Wednesday, November 24, 2010


Tomas Transtromer

Tomas Transtromer was born in Stockholm (1931) and published his first book of poems in his early twenties — nothing has slowed his poetry down since, not even a crushing stroke in 1990 which bothers his speech, but not his writing, or piano playing, alebit one handed. Long a practicing psychologist (since the early 60s), before the stroke he worked in juvenile prisons, with drug addicts and the disabled. I've chosen the poems below from The Sorrow Gondola, the first collection of poetry the poet completed after 1990.

April and Silence

Spring lies deserted.

The velvet-dark ditch

crawls by my side

without reflections.

All that shines

are yellow flowers.

I'm carried in my shadow

like a violin

in its black case.

The only thing I want to say

gleans out of reach

like the silver

in a pawnshop.

A Page from the Nightbook

One night in May I stepped ashore

through a cool moonlight

where the grass and flowers were gray

but smelled green.

I drifted the slope

in the colorblind night

while white stones

signaled to the moon.

In a period

a few minutes long

and fifty-eight years wide.

And behind me

beyond the lead-shimmering water

lay the other shore

and those who ruled.

People with a future

instead of faces.

Night Journey

There's a swarming beneath us. The trains are running.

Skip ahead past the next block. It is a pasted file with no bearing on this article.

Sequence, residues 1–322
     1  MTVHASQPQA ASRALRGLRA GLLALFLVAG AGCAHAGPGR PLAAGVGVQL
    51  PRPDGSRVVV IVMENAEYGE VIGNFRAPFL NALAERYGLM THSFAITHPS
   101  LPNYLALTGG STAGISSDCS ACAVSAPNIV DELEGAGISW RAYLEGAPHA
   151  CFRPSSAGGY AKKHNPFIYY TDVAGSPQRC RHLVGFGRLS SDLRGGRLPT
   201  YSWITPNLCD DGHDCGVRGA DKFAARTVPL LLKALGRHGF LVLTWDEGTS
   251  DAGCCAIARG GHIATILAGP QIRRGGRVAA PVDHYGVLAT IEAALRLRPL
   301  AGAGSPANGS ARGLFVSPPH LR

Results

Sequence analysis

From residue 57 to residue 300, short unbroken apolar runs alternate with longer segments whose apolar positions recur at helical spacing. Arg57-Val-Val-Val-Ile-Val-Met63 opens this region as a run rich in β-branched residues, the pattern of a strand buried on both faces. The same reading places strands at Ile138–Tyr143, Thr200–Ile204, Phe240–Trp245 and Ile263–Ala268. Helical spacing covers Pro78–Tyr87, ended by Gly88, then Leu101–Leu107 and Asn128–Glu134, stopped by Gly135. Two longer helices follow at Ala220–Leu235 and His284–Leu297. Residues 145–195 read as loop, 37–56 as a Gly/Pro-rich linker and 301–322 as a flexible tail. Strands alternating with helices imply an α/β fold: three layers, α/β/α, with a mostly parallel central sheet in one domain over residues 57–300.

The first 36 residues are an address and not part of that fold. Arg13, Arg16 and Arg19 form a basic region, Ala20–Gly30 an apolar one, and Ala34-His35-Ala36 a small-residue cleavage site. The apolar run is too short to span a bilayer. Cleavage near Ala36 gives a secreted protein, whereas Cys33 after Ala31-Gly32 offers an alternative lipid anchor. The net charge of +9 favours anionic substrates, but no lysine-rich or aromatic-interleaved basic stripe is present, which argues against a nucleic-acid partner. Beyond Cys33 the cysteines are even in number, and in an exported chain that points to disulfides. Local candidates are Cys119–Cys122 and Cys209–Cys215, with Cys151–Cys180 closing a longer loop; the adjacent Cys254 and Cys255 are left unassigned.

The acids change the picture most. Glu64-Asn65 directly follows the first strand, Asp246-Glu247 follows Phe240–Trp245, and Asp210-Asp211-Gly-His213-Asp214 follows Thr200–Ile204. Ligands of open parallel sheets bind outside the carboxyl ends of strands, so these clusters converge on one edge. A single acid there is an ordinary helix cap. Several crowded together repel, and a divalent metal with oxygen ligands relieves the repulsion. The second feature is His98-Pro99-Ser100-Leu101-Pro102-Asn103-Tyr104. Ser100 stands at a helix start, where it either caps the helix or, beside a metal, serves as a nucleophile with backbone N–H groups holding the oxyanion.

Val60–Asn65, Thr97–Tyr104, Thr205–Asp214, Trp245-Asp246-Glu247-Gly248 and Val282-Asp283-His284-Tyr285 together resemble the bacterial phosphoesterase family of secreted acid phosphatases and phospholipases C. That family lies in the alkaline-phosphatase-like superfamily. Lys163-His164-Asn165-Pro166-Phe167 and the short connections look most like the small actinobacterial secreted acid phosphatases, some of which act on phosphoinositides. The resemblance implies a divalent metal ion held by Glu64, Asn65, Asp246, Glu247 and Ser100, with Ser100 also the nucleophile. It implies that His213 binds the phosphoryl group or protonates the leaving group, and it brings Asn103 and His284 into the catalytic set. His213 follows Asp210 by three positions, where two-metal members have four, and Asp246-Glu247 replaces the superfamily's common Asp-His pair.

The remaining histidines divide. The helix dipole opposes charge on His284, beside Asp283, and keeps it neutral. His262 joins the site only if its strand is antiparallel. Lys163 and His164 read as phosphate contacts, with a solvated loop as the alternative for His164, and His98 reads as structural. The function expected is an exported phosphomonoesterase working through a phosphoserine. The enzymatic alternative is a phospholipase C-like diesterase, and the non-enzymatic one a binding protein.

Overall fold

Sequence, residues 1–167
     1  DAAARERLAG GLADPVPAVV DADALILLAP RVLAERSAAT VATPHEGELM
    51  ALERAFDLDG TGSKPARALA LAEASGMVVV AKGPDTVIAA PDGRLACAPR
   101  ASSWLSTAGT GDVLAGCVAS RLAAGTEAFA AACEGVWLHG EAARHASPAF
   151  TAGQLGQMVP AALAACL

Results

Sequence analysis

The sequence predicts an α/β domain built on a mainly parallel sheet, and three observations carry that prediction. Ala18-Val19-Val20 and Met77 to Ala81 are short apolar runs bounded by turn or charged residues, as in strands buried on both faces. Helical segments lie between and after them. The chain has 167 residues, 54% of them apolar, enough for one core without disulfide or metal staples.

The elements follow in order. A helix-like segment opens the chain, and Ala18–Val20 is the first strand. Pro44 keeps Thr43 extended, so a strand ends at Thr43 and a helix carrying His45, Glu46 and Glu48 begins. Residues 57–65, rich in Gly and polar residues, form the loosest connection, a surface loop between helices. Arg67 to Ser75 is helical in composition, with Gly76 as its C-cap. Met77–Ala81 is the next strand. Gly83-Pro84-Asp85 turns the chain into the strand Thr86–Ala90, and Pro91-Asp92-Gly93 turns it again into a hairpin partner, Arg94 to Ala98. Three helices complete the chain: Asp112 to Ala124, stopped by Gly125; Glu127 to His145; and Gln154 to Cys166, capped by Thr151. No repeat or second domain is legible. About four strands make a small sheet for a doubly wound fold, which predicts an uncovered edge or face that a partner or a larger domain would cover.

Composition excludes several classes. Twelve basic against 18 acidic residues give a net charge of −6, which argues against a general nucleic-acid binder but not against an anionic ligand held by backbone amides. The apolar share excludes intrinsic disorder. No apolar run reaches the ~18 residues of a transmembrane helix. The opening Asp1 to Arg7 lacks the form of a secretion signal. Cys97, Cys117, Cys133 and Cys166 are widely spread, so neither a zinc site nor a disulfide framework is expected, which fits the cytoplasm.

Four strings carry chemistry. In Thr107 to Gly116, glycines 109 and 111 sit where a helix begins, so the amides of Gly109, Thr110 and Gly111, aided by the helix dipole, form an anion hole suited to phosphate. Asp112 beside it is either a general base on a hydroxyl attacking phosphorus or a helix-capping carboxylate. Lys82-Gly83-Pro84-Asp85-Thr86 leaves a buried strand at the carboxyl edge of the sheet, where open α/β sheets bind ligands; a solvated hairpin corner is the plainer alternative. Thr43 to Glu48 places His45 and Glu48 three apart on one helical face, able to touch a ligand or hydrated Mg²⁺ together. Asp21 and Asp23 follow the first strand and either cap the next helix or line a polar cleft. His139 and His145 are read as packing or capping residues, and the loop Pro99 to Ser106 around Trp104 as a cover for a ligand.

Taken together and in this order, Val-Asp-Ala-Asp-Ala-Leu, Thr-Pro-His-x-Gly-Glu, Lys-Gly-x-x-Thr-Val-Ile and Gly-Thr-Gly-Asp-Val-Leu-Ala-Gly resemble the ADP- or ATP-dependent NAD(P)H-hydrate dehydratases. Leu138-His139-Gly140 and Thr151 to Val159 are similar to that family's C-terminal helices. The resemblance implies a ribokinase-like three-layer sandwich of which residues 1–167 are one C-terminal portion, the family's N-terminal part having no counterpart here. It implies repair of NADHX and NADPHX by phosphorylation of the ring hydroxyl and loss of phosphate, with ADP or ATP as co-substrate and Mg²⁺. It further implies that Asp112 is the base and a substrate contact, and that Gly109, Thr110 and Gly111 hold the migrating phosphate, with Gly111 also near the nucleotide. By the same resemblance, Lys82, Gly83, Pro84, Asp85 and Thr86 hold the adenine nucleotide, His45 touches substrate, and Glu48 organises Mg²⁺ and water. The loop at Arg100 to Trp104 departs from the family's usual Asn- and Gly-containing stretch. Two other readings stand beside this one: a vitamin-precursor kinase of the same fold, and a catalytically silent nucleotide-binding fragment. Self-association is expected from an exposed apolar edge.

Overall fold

Hotel Astoria shivers

a glass of water near the bed

shines in the tunnels.

He dreamt he was a prisoner in Svallard.

The planet rotated and rumbled.

Glittering eyes walked over the fields of ice.

The beauty of miracles existed.


Walk by, they are buried. . .

A cloud floats over the sun's disc.

Starvation is a tall building

moving in the night

in the bedroom an elevator's dark shaft

opens toward the interior.

Flowers in the ditch. Fanfare and silence.

Walk by, they are buried. . .

The silverware survives in large schools

at the depths where the Atlantic is black.


Ablue light

radiates from my clothing.


Clattering tambourines of ice.

I close my eyes.

There is a silent world

there is a crack

where the dead

are smuggled across the border.

Tomas Transtromer
The Sorrow Gondola (Green Integer)
translated by Michael McGriff & Mikaela Grassl


Lawrence Ferlinghetti

One of the last men standing ~ and it is well worth reading the verve of a wise poet, painter, technician (of the sacred) storyteller, activist and world traveler.

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